One of the hot topics recently hitting the media today has been the news surrounding Ray Rice and the Baltimore Ravens. This story has created turmoil and conflict when regarding the NFL’s image but more specifically Roger Goodell’s image. Back when the news first broke about Rice supposedly hitting his now wife, the NFL responded with little punishment due to the fact that there was no proof.
Recently, TMZ has released video footage of the incident, which resulted in Rice’s suspension. The biggest question that has came to surface was whether or not the NFL knew about the video before it was released to the public. Goodell and Baltimore Ravens coach, John Harbaugh, responded saying that they had no prior knowledge of this video.
Video contains violence, discretion advised (http://www.tmz.com/2014/09/08/ray-rice-elevator-knockout-fiancee-takes-crushing-punch-video/)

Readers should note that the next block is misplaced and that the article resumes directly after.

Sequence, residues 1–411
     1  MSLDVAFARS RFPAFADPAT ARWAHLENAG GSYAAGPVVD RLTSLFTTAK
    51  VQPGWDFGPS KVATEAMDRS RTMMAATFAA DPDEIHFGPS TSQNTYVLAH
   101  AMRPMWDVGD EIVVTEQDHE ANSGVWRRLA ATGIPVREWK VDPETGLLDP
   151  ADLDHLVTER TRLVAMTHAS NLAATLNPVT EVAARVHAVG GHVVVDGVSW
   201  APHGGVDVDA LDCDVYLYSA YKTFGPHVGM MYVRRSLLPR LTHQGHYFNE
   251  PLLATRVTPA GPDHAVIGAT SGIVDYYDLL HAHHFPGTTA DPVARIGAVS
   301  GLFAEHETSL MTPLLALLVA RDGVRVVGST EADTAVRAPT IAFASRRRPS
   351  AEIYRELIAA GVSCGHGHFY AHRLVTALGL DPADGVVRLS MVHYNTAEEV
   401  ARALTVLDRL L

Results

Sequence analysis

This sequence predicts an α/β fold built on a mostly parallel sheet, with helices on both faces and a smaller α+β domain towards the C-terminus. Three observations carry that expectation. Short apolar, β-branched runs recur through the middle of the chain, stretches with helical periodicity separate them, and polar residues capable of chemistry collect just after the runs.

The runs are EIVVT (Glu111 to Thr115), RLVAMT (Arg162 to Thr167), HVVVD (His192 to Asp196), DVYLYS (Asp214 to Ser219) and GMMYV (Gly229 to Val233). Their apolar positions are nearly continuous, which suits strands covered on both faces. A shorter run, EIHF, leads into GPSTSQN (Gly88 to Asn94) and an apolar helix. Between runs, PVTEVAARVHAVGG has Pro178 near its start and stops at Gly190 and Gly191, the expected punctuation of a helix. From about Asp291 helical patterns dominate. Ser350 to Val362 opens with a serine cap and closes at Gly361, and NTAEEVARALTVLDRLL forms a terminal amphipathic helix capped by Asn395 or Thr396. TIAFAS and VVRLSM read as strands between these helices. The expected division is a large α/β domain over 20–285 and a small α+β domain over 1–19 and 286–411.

Now the Associated Press has released a statement and a voicemail that proves the video was sent to the NFL back in April. So what does this mean for the NFL and the NFL commissioner? The image of Roger Goodell is quickly declining, due to his unresponsiveness to the issue.
In an organization as large as the NFL, the commissioner works as a sort of mouthpiece for the entire entity. He doesn’t just speak for himself; he also speaks as the NFL. This personification of the entire organization makes the choices of one man represent the image at large. This is why Goodell’s actions are so detrimental to the NFL’s entire brand image.
This topic perfectly blends together with Marshall McLuhan’s theory of Media Ecology. According to Griffin (2011) this surrounds the idea that technology not only influences our society as a whole, but that also how media and communication practices shape and affect human perceptions and understanding of human affairs. The video of Ray Rice that went viral into our social media world, shaped our insight and intuition of how the NFL and Roger Goodell handle its organization, and certainly affects out external interpretation of the NFL’s image.
-Hannah Zeskind, Connor Gold, Margaret Cafasso, Kierstin Geary, and Olivia Sadler